It is a good read if stylistically clumsy. "The monks elected their own Abbot instead of the General Chapter, all monks even if they were not in Ampleforth or in the parishes took orders from their Abbot."

That sentence means the General Chapter of the English Benedictine Congregation no longer appointed Priors of Ampleforth, but instead the monks of Ampleforth elected an Abbot for themselves, and that all Ampleforth monks, wheresoever they might be (on the parishes, at St Benet's Hall), are under the Abbot's authority. It does not mean that Abbots ordain priests. "Took orders" is not, I think, a Catholic expression but Anglican.

"Benedictine monks played a major part in the conversion of England to Christianity and the formation of the Church of England". This means the Church in England, it does not mean the institution of which The Queen is Governor in which monks were far from welcome.

Saturday, March 2, 2013

A nice loaf of whirlwind-flour bread

Lest you think I only pick on the silly things said by Australian journalists here is a paragraph by Dan Hodges (son of Glenda Jackson, no I can't quite believe it either) in the (London) Daily Telegraph. He is discussing the consequences of the Eastleigh by-election of 28th February at which the UK Independence Party (UKIP) candidate came second, beating the Conservative and Labour candidates. In American terms that is like beating the GOP and the Democrats, in Australian terms like beating the Liberals and the ALP. When these sorts of thing usually happen UKIP is seen to be the spoiler for the Conservatives, in this case it is fair to say it is the other way around.

It was expected, Hodges means to say, that another party would benefit from dissatisfaction with Conservative policy, but that UKIP would reap these benefits was not expected.

However, that is not what he actually says:

Friday, March 1, 2013

Sede Vacante


Visit to the Pontifical Major Roman Seminary, on the occasion of the Feast of Our Lady of Trust, Lectio Divina of Pope Benedict XVI, Friday 8th February 2013.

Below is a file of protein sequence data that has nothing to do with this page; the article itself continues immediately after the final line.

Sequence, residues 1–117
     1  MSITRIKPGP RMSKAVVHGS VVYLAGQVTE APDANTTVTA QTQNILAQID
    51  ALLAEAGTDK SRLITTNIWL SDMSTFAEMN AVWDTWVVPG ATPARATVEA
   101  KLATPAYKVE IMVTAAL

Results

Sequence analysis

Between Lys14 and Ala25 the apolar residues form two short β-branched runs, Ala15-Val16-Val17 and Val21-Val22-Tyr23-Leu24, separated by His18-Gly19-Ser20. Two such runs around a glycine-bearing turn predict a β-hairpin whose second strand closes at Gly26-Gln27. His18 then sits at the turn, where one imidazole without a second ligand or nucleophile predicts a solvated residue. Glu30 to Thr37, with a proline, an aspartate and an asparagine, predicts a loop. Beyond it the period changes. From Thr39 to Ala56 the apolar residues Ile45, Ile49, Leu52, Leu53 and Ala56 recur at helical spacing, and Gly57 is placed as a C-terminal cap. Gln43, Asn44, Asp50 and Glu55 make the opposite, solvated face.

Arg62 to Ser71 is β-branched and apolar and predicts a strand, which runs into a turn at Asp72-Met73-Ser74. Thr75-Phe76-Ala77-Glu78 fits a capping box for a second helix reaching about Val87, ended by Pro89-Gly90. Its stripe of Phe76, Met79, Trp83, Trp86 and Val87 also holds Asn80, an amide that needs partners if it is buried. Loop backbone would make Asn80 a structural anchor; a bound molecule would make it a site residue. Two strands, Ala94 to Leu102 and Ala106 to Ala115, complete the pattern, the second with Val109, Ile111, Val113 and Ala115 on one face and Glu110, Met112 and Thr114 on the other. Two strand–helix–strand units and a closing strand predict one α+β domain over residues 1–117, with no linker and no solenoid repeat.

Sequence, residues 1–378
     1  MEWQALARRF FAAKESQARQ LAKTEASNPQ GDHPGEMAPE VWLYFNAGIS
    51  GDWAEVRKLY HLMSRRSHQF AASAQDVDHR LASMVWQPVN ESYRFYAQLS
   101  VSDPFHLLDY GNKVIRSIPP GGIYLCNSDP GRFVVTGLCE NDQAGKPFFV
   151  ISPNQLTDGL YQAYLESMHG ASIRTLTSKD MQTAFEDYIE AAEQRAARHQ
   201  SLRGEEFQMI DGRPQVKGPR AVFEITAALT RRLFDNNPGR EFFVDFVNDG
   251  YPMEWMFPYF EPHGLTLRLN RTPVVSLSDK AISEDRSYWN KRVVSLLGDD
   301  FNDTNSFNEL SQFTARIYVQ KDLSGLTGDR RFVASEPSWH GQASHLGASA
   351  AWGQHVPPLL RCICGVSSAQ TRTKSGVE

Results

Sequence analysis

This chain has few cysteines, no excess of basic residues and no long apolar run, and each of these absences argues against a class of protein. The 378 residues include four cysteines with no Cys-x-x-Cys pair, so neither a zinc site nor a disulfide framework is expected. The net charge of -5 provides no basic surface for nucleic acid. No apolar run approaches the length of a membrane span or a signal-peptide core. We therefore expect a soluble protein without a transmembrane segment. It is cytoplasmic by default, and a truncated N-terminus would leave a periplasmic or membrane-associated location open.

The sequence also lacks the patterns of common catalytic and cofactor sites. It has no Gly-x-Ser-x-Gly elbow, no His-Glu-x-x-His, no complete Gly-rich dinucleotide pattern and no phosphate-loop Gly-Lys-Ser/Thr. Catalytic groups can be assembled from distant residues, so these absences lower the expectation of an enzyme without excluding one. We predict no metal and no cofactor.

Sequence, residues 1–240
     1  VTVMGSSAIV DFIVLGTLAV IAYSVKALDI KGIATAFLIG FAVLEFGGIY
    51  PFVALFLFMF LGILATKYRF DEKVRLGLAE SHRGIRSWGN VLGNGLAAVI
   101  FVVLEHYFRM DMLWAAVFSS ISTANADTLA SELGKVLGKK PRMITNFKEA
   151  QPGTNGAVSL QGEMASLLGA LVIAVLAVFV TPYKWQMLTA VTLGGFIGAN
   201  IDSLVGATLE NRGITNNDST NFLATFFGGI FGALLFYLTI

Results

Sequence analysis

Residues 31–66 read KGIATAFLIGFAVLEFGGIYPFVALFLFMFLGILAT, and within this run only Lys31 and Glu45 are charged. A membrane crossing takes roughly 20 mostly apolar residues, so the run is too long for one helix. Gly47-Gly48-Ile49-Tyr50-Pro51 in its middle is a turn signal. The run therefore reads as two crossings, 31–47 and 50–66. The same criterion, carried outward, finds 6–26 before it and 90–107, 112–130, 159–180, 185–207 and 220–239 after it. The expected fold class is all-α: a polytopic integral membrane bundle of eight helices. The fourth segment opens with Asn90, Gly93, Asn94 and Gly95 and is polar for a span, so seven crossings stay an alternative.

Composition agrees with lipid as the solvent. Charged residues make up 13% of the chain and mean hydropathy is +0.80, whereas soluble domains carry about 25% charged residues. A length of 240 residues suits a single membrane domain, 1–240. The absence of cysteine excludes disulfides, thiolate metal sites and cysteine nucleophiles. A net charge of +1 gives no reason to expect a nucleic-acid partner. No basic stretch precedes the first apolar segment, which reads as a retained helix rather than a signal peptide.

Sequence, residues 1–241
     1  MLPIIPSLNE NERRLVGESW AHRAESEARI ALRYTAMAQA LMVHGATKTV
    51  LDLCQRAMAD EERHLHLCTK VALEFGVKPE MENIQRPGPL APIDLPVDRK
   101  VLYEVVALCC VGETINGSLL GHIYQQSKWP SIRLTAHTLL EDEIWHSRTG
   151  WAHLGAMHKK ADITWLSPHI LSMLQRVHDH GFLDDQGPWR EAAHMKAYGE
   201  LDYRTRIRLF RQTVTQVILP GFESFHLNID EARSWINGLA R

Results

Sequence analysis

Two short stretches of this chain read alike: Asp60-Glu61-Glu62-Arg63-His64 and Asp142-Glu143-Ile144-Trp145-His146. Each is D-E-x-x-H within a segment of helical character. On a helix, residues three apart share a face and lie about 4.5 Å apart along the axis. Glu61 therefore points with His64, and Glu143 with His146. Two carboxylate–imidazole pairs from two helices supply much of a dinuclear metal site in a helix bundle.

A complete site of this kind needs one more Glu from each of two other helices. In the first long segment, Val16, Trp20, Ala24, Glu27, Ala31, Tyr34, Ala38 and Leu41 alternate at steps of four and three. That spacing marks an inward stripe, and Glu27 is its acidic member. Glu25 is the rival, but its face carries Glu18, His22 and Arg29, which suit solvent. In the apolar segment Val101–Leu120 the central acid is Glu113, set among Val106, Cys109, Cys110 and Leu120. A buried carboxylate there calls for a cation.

The second term: inheritance. It is a very important word in the Old Testament, where Abraham is told that his seed will inherit the earth, and this was always the promise for his descendents. You will have the earth, you will be heirs of the earth. In the New Testament, this word becomes a word for us; we are heirs, not of a specific country, but of the land of God, of the future of God. Inheritance is something of the future, and thus this word tells us above all that as Christians we have a future, the future is ours, the future is God’s. Thus, being Christians, we know that the future is ours and the tree of the Church is not a tree that is dying but a tree that constantly puts out new shoots. Therefore we have a reason not to let ourselves be upset, as Pope John said, by the prophets of doom who say: well, the Church is a tree that grew from the mustard seed, grew for two thousand years, now she has time behind her, it is now time for her to die. No. The Church is ever renewed, she is always reborn. The future belongs to us. Of course, there is a false optimism and a false pessimism. A false pessimism tells us that the epoch of Christianity is over. No: it is beginning again! The false optimism was the post-Council optimism, when convents closed, seminaries closed and they said “but... nothing, everything is fine!”.... No! Everything is not fine. There are also serious, dangerous omissions and we have to recognize with healthy realism that in this way things are not all right, it is not all right when errors are made. However, we must also be certain at the same time that if, here and there, the Church is dying because of the sins of men and women, because of their non-belief, at the same time she is reborn. The future really belongs to God: this is the great certainty of our life, the great, true optimism that we know. The Church is the tree of God that lives for ever and bears within her eternity and the true inheritance: eternal life.